Tired Tropes and Trigger Warnings

Child abuse and neglect remain the central plot points of Every Secret Thing. Little of this abuse appears in scenes, but there is no escaping the danger children are in throughout the film.

Self-harm and suicide are shown throughout the film (once in the case of suicide) through one specific character. It isn’t glorified or romanticized nor addressed with particular sensitivity. For those sensitive to these subjects, it might be triggering.

Racism, the assumed motive for the bi-racial victims, plays a small role in the film’s narrative. However, character motives remain more complex, but going further spoils some elements. This film decision does create the reality that bi-racial children are the victims of child neglect and abuse in the film with little additional context. It does invite uncomfortable speculation, but speculation it would be.

Sexual assault is another concern for viewers, specifically statutory rape. This issue seems particularly mismanaged, considering the survivor remains an antagonist. One can be both survivor of assault and an antagonist of a film without needing to discredit the assault. While little appears of this issue, and the manipulation angle can indicate a perspective shift, it’s hard to refute how the film wants to represent this attack.

Daughter resting on her mother's shoulder. Both are in the back of a car.
Diane Lane as Helen and Danielle Macdonald as Alice

What I Dislike

Loosely tied to the above point, one character seems mentally off and purposely so. This point doesn’t inherently create an issue, but there seems to be a choice to make this character a mastermind. Perhaps this is better addressed in the book, but the execution is far from perfect here.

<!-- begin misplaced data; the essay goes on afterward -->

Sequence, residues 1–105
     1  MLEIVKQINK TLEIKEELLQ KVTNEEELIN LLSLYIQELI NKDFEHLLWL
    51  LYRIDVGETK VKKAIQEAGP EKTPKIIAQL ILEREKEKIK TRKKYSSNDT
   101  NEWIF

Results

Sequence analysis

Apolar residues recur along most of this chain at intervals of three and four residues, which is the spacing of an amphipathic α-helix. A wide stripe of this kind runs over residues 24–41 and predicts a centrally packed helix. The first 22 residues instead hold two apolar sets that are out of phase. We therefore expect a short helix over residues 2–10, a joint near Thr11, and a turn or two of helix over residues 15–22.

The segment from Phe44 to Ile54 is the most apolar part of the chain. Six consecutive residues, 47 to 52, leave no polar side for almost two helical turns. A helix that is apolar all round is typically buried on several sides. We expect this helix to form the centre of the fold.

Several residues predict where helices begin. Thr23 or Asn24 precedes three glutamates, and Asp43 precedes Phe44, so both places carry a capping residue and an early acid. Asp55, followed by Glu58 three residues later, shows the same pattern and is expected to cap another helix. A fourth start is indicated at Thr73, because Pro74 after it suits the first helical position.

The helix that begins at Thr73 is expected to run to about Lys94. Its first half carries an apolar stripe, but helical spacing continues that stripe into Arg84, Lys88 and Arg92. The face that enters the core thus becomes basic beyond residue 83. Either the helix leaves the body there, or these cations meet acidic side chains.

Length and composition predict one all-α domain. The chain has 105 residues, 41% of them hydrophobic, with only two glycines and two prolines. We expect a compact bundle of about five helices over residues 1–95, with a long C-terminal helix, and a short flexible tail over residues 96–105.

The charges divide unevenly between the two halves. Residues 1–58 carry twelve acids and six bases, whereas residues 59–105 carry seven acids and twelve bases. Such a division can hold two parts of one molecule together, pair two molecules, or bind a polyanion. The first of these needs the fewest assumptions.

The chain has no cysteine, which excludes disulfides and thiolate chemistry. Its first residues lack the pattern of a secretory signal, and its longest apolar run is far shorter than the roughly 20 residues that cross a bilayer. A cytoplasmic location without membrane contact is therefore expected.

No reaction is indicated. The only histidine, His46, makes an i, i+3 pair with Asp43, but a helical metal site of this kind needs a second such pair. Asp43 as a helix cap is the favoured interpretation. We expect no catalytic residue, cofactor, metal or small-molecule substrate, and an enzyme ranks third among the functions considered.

A newspaper montage reveals essential information which feels oddly misplaced. Practically the entire setup for the film appears through this montage, which creates the necessity to read these headlines in the minimal time given.


As a horror, nothing but the events are haunting. Children being abused or kidnapped always haunts, but the terror of this remains secondary to the mystery. While the mystery is nice, this film won’t particularly scare the seasoned horror fan.

Final Thoughts

Every Secret Thing unravels a mystery of opportunism, selfishness, and deception. While the movie won’t haunt the viewer, it certainly unravels a mystery that shocks them. The nuanced and deceptive characters add a layer of engagement that creates a unique experience, but I doubt this movie will linger in my mind.
2.5 out of 5 stars (2.5 / 5)

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Movies n TV

Quid Pro Woe



We’ve now reached episode six of Tim Burton’s Wednesday. And after the last episode, this one did not disappoint.

We start with Wednesday attempting to contact Goody Addams. Last episode, if you’ll recall, Morticia explained the difference between a psychic dove and a raven. Since Goody Addams was the last raven psychic in the family line, it’s got to be her that trains Wednesday. 

But her seance is a failure, and Wednesday is interrupted by a magazine note shoved under the door. It says to meet someone at a crypt for answers. 

When she gets there, it turns out that her friends have put together a surprise birthday party for her. Before she can cut the cake, however, she has a vision.